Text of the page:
Grimsby is an efficient tonal mess

Sacha Baron Cohen’s dull spy movie can’t be saved by one wacky character

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Grimsby is a movie which follows two brothers on the run from the law for shooting a small refugee child with AIDs. Yes, really.

The character of Nobby (Sacha Baron Cohen) is a binge drinking, council estate living, benefits cheat with seven kids who discovers the whereabouts of his long-lost brother Sebastian (Mark Strong) and attempts to reconnect with him.

The plot is simple, but the film somehow finds a way to make it seem baffling. It’s a straightforward premise that the film stumbles towards explaining through painfully acted flashbacks with child actors, and humourless scenes in which heart strings are ineffectually tugged at within the opening ten minutes of the movie. The film is somewhat of a tonal mess due to this as it clearly has all its money on comedy. It derives its laughs mainly from class humour and gross out gags, with the town of Grimsby being portrayed in a comically caricatured squalor that makes Borat’s Kazakhstan look like Covent Garden.  Grimsby is an outlandish, offensive character with such over the top flaws and a fool proof confidence that he does work to an extent as a lead man, bumped somewhat by the talents of Cohen.

It is not necessary for a comedy film to have a good plot, sometimes they can get by without one at all. Nevertheless, it is secondary to the jokes, I could not for the life of me remember the plot to The Naked Gun despite having seen it dozens of times, it doesn’t take away from the impact of the film. The fact that comedy can stand on its own in a way that drama cannot is the reason why sketch comedies exist, why YouTube personalities and Vine stars can make a name for themselves. Comedy in its basest form is non-contextual.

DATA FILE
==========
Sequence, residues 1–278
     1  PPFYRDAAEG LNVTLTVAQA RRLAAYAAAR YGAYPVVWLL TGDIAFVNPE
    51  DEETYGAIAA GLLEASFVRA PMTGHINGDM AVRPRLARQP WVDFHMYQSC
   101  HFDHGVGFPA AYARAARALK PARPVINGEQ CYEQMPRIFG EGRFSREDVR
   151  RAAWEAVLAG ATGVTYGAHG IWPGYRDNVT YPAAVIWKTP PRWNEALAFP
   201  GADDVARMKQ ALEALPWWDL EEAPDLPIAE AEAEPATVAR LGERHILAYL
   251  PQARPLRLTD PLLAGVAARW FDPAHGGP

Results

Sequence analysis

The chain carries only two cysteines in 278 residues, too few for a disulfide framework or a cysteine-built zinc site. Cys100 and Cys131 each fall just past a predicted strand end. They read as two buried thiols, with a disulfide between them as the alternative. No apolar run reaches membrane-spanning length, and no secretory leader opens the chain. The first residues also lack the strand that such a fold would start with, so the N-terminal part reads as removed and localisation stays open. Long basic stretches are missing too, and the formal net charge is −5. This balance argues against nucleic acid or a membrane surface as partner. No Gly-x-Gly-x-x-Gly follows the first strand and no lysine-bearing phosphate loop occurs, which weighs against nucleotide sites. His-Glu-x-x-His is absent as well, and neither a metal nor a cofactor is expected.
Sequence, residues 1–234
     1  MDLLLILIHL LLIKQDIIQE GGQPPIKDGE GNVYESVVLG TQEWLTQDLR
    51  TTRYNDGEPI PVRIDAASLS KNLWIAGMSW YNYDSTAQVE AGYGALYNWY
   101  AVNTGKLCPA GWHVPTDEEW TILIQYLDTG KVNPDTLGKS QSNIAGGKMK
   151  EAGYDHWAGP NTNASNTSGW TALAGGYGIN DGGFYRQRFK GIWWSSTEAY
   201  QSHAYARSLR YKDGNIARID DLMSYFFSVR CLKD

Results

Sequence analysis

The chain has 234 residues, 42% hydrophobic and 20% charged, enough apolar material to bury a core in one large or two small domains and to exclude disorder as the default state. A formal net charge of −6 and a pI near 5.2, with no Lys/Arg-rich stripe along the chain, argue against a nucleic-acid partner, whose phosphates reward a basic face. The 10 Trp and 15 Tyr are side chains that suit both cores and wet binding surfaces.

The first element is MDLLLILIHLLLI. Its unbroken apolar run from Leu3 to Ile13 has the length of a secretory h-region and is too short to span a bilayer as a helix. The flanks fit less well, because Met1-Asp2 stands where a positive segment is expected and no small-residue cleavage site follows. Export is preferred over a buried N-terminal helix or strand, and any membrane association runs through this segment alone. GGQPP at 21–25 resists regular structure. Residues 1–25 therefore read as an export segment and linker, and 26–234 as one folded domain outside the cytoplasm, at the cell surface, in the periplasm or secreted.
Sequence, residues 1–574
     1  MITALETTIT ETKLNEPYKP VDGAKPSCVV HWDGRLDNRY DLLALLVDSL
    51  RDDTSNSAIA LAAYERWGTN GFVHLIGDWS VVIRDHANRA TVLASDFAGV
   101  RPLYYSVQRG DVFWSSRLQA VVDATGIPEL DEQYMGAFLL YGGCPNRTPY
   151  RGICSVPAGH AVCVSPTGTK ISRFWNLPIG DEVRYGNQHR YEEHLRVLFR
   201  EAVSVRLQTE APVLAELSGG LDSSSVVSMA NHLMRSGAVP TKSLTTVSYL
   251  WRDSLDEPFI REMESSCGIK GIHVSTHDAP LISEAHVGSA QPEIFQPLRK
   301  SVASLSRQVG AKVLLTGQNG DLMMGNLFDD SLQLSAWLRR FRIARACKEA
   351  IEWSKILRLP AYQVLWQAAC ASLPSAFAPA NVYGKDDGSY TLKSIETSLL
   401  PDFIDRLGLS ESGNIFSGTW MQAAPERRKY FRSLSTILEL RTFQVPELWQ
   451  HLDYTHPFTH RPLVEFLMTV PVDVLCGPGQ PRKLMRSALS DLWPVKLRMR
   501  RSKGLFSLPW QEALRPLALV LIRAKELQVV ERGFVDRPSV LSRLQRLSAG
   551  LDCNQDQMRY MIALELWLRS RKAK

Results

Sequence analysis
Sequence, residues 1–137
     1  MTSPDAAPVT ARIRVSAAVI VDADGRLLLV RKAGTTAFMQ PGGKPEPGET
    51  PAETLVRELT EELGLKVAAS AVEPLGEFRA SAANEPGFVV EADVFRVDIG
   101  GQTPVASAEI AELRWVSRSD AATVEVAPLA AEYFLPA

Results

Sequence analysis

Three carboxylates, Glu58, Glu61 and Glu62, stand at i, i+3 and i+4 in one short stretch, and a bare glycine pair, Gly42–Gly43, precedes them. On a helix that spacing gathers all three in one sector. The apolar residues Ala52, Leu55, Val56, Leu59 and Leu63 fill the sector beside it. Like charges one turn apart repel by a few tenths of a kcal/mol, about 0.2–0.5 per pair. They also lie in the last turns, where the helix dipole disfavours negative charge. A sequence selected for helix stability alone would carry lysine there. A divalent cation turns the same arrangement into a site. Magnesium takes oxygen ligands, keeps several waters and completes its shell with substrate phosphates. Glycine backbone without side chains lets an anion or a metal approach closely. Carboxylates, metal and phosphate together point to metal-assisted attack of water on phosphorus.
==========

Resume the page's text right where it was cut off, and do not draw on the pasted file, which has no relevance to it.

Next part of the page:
Sacha Baron Cohen’s career seems to be built on a foundation of uncomfortable laughs, whether it is cringe humour, racist humour, or gross out humour there is always an underlying thought that you shouldn’t really be laughing at it. At many points in Grimsby it felt as if I should not be laughing at it because it was in many cases too puerile. However, some of its most puerile jokes are also its most fruitful which helps me to forgive the film its biggest misgivings.

What strikes me as most strange about Grimsby is how little time it dedicates to let moments land. It is clearly a vehicle for crass jokes and physical comedy and so the comedy should take priority. Yet we are still constantly jolted around from plot point to plot point to serve the story. Editing is too fast paced to allow for any joke to be truly enjoyed. There is a scene in which Sebastian must embark on a mission but has accidentally been given heroin by Nobby. Jodie finds out about this from Nobby and has almost no reaction to finding out her straight edge partner is in a heroin induced stupor. She instead immediately tells Nobby that he must perform the mission instead, there is absolutely no comedic pay off for the solid set up. Instead the whole heroin issue serves only to push Nobby into another situation where he can be common and inappropriate.

Therein lies the issue with the movie, it does not deviate from its main plot, it is perhaps to streamlined for a comedy film. It does not skewer its target enough to be clever and it does not set itself up for higher quality jokes with set ups, it simply takes what it can get in the moment. Ultimately the time flies by and the film is mostly forgettable because each scene is conflicted between serving the comedic vision or the naff spy plot.

Recommendation

There is a sweet point in movie comedy, when an obvious or crass joke reaches a level of ridiculousness that it comes all the way back around that it becomes funny again. Grimsby reaches this point at multiple times throughout its short running time but fails to maintain a consistent level of humour on a scene by scene basis.  Not enough laughs to make a decent film, but just enough to stave off feelings of regret for sitting through it for 90 minutes.

I am sure that there are many 14-year-old boys in school that would love this movie and many people, myself included, will delight in discussing or describing “the elephant scene” to anyone that will listen.

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